How ships protect from marine pirates?

In recent years, marine pirates lead a well-organized criminal business that poses a problem for the shipping industry and seafarers.

Marine pirates have been a challenge throughout history, but in recent years, they lead a well-organized criminal business that poses a problem for the shipping industry and is a serious threat to seafarers.


Piracy has been a challenge throughout history, but in recent years, it has transformed into a well-organized criminal business that poses a problem for the shipping industry and is a serious threat to seafarers. Today’s marine pirates are no longer interested in primitive “smash and grab” attacks. Instead, they hijack vessels to kidnap crew and steal valuable cargo. These modern-day pirates are usually well-informed about their potential victim ship and are adequately armed for the job. The challenge arising, therefore, is how to protect against such a force.

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Knowing Your Enemy: Pirates’ Hotspots & Tactics

Marine Pirates’ hotspots are well-known to most mariners, with the Gulf of Aden/Horn of Africa, Nigeria and the Gulf of Guinea, Southeast Asia (especially the Strait of Singapore), and the Venezuelan coast being the most notorious. Pirates tend to operate with different weapons and demonstrate distinctive behavior depending on the region.

Reports show that marine pirates usually choose the same tactics regardless of their nationality. They mostly pick bulk carriers and tankers as their victims and approach them on speedy skiffs, firing at the bridge. Note that, most attacks happen at dawn and dusk when the lights are low.

Constant Vigilance: Enhancing Security Measures

Moreover, reports show that in all those cases when crews managed to deter the assaults successfully they had noticed marine pirates approach in advance and fired the alarm. Therefore, vigilant watch both on the deck and via radar and CCTV will increase the chances of deterring pirates significantly.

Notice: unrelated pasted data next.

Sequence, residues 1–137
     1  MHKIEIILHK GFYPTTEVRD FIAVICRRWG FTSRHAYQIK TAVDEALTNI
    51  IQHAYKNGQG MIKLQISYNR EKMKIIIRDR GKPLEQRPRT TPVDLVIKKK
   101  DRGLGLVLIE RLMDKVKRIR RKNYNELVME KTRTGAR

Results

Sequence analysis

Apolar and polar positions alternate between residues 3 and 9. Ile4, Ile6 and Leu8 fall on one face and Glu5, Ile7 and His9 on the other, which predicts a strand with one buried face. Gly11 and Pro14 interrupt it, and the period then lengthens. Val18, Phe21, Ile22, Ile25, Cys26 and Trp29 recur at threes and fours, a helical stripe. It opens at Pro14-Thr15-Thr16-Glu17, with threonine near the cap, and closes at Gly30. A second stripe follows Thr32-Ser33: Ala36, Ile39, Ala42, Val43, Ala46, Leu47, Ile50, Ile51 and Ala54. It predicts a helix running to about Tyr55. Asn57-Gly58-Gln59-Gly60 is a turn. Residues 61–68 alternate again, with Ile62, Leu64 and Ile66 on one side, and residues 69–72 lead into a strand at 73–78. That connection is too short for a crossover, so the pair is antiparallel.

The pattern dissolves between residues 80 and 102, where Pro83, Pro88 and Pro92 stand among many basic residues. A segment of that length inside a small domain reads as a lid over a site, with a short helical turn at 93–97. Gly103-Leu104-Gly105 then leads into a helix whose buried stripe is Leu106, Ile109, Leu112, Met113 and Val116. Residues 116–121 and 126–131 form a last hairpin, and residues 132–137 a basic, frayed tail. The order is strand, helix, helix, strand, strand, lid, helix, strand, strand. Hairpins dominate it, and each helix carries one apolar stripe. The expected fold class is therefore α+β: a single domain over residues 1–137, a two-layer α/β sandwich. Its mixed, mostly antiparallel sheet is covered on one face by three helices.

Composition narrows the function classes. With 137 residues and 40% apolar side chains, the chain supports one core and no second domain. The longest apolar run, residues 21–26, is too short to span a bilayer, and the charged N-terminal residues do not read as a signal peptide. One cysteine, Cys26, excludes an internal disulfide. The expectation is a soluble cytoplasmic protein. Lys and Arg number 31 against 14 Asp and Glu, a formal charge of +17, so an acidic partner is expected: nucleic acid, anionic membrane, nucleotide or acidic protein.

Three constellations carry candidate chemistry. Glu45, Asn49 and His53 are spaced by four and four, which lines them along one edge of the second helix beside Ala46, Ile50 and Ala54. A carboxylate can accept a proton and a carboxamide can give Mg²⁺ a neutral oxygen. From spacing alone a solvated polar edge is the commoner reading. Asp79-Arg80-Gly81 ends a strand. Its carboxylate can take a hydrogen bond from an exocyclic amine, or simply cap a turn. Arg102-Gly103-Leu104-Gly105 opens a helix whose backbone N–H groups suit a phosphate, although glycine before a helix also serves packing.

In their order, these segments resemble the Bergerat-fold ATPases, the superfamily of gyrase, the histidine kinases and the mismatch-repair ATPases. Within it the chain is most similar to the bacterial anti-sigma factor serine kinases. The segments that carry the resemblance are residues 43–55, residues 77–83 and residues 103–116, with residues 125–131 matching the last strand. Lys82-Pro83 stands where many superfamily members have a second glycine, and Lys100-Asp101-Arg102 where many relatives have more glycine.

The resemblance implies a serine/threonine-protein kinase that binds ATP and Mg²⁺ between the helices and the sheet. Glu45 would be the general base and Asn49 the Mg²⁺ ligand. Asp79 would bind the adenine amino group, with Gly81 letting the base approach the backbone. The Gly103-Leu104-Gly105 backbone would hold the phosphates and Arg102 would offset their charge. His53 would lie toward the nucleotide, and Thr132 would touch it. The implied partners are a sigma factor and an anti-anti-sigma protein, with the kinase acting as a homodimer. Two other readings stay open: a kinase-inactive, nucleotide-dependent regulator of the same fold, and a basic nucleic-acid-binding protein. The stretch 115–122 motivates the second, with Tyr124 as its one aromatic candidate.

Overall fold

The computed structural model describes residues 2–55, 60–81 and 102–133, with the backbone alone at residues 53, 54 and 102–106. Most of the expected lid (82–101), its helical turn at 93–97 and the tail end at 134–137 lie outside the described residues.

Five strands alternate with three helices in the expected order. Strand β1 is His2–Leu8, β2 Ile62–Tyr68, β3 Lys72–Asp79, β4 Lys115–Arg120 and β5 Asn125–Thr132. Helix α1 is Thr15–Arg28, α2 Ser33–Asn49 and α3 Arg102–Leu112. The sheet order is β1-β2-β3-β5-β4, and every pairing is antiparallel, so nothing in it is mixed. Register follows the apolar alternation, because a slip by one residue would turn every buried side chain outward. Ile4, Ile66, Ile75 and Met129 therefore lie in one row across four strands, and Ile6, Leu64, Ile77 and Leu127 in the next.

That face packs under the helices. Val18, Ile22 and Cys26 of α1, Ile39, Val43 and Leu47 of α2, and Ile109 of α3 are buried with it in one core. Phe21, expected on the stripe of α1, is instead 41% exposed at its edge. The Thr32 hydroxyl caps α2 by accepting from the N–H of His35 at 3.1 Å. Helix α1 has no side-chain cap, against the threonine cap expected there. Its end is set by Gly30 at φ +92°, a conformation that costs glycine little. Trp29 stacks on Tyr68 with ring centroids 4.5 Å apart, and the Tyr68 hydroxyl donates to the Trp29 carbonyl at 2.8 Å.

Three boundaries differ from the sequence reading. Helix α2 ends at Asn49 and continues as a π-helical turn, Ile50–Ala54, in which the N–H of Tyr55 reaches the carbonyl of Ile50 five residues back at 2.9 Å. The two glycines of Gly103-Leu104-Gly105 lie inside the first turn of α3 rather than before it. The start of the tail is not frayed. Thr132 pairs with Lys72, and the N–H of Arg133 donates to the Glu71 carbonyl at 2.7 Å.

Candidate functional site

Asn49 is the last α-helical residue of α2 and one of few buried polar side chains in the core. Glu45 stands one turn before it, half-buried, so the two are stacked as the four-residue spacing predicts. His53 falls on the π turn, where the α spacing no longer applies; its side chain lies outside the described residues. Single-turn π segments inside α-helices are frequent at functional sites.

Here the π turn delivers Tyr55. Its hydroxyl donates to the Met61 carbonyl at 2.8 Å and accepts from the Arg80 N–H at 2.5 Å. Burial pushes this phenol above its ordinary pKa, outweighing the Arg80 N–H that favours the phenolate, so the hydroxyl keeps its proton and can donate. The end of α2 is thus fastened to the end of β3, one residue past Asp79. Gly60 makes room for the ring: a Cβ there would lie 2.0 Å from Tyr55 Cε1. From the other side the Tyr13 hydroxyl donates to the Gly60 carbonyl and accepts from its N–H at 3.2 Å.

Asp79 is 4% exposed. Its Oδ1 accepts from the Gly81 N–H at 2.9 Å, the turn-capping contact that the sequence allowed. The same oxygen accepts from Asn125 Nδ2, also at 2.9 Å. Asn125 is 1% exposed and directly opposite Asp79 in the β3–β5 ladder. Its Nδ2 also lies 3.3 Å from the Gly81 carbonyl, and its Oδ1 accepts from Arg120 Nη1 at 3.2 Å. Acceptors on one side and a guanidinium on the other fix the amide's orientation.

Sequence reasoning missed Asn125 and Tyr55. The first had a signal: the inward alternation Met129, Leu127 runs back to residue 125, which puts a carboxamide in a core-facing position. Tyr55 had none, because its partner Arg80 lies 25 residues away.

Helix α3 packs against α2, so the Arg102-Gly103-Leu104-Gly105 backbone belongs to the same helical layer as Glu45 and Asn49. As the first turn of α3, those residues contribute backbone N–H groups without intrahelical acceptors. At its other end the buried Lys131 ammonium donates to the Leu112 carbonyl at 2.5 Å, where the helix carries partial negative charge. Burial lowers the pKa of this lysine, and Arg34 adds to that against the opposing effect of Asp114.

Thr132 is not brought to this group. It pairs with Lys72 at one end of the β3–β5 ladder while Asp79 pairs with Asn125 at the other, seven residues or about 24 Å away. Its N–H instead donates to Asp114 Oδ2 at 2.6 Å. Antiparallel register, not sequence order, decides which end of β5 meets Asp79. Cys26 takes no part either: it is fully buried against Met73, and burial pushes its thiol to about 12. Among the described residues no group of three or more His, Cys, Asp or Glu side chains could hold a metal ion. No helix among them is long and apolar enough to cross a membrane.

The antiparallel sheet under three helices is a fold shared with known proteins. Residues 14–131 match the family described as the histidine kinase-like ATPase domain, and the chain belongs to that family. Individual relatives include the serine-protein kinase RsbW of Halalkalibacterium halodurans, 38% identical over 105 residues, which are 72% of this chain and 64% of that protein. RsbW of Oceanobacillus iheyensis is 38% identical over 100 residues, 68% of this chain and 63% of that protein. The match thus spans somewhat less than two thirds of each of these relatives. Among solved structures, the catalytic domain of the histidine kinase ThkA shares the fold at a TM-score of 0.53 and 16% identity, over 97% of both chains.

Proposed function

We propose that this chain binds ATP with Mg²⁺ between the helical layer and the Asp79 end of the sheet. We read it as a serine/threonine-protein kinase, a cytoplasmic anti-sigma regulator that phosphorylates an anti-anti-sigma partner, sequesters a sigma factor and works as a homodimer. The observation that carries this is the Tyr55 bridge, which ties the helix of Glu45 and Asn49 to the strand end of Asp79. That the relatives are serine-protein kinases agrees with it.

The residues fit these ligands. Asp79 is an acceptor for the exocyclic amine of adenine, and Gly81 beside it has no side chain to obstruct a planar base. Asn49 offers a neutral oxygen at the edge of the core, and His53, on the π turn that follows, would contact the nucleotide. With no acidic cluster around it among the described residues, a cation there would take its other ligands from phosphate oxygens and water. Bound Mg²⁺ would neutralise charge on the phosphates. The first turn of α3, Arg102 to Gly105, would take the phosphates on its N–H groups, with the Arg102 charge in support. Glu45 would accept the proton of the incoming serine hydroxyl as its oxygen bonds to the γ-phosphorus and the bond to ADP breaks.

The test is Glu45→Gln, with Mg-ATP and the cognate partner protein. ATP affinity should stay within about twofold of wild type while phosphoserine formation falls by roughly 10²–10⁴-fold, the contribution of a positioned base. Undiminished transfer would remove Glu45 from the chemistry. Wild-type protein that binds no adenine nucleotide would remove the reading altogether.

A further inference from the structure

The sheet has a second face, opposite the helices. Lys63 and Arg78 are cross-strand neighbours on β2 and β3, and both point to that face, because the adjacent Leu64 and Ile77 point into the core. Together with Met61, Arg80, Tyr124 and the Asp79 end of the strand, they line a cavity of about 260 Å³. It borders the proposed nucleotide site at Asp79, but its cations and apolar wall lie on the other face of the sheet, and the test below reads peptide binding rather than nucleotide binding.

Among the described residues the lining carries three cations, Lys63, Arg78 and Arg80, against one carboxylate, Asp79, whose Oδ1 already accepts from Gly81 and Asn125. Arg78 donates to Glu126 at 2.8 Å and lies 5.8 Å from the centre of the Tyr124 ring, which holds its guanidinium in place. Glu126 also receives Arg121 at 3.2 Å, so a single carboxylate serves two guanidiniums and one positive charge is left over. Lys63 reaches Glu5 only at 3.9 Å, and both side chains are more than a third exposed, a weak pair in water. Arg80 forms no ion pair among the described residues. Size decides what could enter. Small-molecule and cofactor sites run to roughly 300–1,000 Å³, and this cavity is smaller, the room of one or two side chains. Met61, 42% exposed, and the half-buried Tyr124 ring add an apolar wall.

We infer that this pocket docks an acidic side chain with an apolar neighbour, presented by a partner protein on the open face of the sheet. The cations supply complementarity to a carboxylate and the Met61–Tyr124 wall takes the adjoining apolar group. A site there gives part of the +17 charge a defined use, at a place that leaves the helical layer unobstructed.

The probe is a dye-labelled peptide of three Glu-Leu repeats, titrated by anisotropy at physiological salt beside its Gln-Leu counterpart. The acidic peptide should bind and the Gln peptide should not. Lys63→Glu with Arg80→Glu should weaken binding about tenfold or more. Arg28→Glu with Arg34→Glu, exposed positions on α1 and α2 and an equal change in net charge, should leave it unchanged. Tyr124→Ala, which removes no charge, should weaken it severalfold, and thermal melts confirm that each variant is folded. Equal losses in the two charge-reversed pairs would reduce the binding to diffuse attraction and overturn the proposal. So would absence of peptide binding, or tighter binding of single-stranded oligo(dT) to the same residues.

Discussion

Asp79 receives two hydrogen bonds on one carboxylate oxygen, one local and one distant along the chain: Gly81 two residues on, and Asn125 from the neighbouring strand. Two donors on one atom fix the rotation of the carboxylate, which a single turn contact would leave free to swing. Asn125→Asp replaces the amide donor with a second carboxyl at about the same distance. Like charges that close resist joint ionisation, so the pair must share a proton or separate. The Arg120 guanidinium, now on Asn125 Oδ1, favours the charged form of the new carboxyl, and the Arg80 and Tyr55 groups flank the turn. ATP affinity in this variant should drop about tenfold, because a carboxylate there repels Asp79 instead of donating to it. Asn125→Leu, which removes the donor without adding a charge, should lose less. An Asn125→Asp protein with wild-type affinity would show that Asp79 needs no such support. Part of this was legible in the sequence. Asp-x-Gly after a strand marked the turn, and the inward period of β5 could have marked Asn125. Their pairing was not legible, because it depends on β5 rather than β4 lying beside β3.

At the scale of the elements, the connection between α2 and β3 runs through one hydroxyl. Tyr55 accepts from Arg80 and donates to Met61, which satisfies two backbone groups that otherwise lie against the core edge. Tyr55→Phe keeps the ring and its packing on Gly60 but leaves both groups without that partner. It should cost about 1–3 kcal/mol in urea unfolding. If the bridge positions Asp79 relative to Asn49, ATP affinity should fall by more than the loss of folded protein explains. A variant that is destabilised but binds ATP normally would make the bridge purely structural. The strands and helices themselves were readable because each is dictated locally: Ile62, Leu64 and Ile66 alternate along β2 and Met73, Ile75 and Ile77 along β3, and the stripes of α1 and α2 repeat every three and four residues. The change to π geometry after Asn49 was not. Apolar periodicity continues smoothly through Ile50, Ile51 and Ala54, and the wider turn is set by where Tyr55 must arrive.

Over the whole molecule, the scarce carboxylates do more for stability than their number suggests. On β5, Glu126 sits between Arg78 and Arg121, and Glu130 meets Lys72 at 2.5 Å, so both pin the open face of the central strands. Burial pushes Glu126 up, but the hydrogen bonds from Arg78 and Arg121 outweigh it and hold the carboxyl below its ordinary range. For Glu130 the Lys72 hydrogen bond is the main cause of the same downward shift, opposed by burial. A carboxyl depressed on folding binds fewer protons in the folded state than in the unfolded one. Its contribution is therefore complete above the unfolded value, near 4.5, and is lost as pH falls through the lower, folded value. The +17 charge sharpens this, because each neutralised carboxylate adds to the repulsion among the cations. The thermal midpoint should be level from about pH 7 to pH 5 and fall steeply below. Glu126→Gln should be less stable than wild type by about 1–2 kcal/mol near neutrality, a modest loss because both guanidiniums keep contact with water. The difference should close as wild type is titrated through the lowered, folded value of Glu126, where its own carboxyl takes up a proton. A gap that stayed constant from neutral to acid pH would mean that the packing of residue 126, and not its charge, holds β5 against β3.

Ideally, there might be armed security onboard taking full care of the incident. As a rule, once they ‘convey’ by several shots that the vessel is going to offer resistance, the gang retreats to look for a more vulnerable target. But armed security to tackle marine pirates is expensive and still rather dubious acquisition.

Marine Pirates Deterrents: Non-Lethal Means of Protection

The simplest defense measures available are barbed wire fences, fire hoses, and water cannons, which can prevent pirates from climbing on board. Molotov cocktails, empty bottles filled with gasoline and stuffed with burning cloths, have been successfully used against marine pirates.

More intricate non-lethal weapons include Anti-Piracy Curtains, Liquid Deterrent Systems, Secure Electric Fences, and Razor Wire Canisters. Various types of net boat traps can ensnare the propellers of pirates’ boats and disable the skiffs.

How ships protect from marine pirates?
Source: Leadership Nigeria
Increasing Effectiveness

Other non-lethal weapons include long-range acoustic (LRAD) and laser devices, Active Denial Systems, compressed air launchers, rubber ball grenades, dazzle guns, and electric shockers, among others. Though these weapons may seem unconvincing, they have proved effective in some instances.

If the above-mentioned measures prove ineffective in preventing pirates from climbing onboard, no further resistance should be offered.

What to Do if Pirates Are on Board

Once the crew has noticed approaching pirates, the nearest coastal security service should be informed immediately. If possible, notify the navy; transmit Mayday signals to all merchant vessels in the vicinity and send satellite messages; make the ship as conspicuous as possible for rescuers.

Fortify the bridge and engine room, using barbed wire, chains, or any available resources to impede pirates’ access to these crucial points. It would be a good idea to protect bridge personnel with body armor and helmets as it is vital to keep the vessel moving, while pirates usually fire at the bridge to make officers slow down. If the vessel is equipped with a safe area (some ships are furnished with a Citadel, a fortified room with a stock of food and water where crew can retreat in case of an attack), gather as many crew members as possible there.

Never be aggressive in your interaction with pirates; don’t make sharp movements and don’t use firearms even if you are in possession of any.


Combating modern piracy requires constant vigilance and the implementation of effective measures to deter and defend against marine pirates. Shipping companies must ensure that their crew members are aware of the risks of piracy and are adequately trained in pirate deterrence and defense. With the proper knowledge and means of protection, seafarers can better defend against pirates and ensure the safety of their vessels and crew.

Source: Maritime Zone

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